Arctic Cotton Grass in a Nunavut mountain valley.

Steve Garlick has theorized that masculinity itself must be understood as a technology of domination: “Technology is associated with the masculine because masculinity itself is a (modern) technology for the embodiment and control of nature.” Experienced on terra firma and at extracting wealth from the sea, men of industry like William Penny (1809–1892), founder of the whaling enterprise the Aberdeen Arctic Company, exemplify this. Beyond gender, I refute the idea that only white Qallunaat-settler men can claim their tools as technology. Contrary to such a notion, expedition culture constantly relied on Indigenous people, their tools, and knowledge for their survival and success. John Richardson left advice to the departing Franklin search expeditions that European boots would prove useless, inviting frost bite and hypothermia. He recommended trading for kamik boots and learning how to fashion snow goggles. Likewise, in 1771 George Cartwright lost his Governor Surgeon to the cold in northern Labrador, later remarking at the warmth of being in an igloo lit only by a stone oil lamp or qulliq.

On account of the Arctic’s remoteness, its perception by outsiders has always been mediated heavily through contemporary images or in historic print culture. Today, the north remains a romantic symbol. Its perception is important to constructed narratives complicit in inaction on climate change, settler-colonial nation-state sovereignty, resource extraction, or assaults on sustainable practices like seal harvesting. These Qallunaat myths around the Arctic environment and Inuit life are well documented by Chelsea Vowel and Emilie Cameron, referencing Inuit relocations and other colonial violences. The region remains a vibrant Inuit homeland with a thriving and delicate animal and botanical ecosystem, one which has been largely erased in colonial landscape historiography.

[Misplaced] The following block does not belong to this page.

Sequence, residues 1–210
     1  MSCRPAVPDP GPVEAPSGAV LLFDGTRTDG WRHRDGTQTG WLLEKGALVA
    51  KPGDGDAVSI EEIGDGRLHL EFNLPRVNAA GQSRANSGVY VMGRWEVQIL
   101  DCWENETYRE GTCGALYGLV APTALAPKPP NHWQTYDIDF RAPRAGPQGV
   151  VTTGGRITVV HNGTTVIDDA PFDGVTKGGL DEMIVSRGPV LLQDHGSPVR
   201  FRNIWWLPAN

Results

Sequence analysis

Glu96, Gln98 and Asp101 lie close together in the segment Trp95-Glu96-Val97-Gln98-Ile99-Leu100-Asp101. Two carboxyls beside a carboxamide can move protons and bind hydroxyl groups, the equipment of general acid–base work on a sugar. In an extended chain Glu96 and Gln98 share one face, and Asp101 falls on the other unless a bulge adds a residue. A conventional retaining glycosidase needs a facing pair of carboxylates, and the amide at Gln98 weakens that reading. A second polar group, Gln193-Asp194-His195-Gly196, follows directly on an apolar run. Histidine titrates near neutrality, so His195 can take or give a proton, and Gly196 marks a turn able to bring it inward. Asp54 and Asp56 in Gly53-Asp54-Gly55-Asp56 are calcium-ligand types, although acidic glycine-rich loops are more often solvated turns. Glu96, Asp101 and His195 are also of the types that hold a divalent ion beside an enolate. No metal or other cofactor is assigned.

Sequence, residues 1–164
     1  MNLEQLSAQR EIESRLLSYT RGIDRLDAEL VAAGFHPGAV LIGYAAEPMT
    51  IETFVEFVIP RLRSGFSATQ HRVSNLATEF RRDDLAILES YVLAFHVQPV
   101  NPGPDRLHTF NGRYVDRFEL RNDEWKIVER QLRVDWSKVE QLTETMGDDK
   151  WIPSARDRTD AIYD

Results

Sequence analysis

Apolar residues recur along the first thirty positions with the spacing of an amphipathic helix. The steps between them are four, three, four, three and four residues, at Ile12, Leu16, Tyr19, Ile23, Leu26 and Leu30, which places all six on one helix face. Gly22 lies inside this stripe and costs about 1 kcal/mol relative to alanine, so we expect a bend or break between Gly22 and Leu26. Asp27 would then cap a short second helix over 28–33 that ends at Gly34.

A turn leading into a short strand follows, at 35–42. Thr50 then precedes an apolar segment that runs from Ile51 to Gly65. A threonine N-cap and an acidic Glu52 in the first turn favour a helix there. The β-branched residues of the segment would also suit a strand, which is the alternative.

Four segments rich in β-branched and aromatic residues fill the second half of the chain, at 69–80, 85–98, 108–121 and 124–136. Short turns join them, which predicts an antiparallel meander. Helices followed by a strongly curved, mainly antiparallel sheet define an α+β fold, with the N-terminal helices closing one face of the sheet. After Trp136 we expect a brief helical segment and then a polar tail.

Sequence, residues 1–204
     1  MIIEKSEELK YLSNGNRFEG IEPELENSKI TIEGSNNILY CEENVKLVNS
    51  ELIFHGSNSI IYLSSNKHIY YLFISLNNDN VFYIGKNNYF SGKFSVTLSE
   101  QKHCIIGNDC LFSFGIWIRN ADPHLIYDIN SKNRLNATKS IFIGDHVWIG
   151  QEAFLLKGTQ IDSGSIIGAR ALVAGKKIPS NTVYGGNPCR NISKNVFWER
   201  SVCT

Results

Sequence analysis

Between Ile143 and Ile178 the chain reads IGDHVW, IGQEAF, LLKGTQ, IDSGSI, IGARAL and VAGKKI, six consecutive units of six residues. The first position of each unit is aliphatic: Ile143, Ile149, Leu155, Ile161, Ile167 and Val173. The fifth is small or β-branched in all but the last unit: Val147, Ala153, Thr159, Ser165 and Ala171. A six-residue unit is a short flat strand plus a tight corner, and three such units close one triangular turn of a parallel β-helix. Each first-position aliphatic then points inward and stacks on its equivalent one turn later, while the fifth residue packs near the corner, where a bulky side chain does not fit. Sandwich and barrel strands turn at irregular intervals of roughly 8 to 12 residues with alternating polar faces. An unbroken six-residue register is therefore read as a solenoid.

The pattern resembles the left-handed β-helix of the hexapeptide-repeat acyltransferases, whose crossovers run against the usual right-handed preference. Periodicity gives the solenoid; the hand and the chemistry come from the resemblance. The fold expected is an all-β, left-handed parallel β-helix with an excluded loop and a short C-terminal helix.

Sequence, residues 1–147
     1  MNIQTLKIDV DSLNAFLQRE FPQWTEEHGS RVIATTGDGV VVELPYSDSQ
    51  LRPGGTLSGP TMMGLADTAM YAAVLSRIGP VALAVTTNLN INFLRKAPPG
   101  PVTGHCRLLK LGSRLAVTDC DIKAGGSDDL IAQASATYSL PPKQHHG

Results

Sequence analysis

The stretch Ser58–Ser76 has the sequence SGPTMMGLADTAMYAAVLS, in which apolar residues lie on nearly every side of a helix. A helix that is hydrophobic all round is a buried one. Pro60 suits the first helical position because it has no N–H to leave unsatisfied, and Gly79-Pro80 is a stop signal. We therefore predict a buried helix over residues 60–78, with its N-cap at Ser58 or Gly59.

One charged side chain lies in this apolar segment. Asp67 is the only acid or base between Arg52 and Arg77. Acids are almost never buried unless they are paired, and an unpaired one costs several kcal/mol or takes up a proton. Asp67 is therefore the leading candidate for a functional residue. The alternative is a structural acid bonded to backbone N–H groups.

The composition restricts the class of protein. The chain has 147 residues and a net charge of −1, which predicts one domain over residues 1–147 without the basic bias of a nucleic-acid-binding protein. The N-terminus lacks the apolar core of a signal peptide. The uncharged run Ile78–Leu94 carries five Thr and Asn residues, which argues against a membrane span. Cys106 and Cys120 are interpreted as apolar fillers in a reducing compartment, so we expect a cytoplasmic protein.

How to cite

Gismondi, Chris. “How the Arctic Became White: Victorian Explorers and the Erasure of Botany in the Canadian Arctic.” Environment & Society Portal, Arcadia (Spring 2019), no. 16. Rachel Carson Center for Environment and Society.

ISSN 2199-3408
Environment & Society Portal, Arcadia

Further readings: 
  • David, Robert G. The Arctic in the British Imaginary: 1818–1914. Manchester: Manchester University Press, 2000.
  • Dyer, Richard. White: Essays on Race and Culture. London: Routledge, 1997.
  • Garlick, Steve. The Nature of Masculinity: Critical Theory, New Materialisms, and Technologies of Embodiment. Vancouver: University of British Columbia Press, 2016.
  • Igloliorte, Heather. “Arctic Culture / Global Indigeneity.” In Negotiations in a Vacant Lot: Studying the Visual in Canada, edited by Lynda Jessup, Erin Morton, and Kirsty Robertson. Montreal: McGill-Queen's University Press, 2014.
  • Levere, Trevor H. Science and the Canadian Arctic: A Century of Exploration, 1818–1918. Cambridge: Cambridge University Press, 1993.
  • McGoogan, Ken. Dead Reckoning: The Untold Story of the Northwest Passage. Toronto: Harper Collins, 2017.
  • Morgensen, Scott L. “Cutting to the Roots of Colonial Masculinity.” In Indigenous Men and Masculinities: Legacies, Identities, Regeneration, edited by Kim Anderson and Robert Alexander Innes. Winnipeg: University of Manitoba Press, 2015.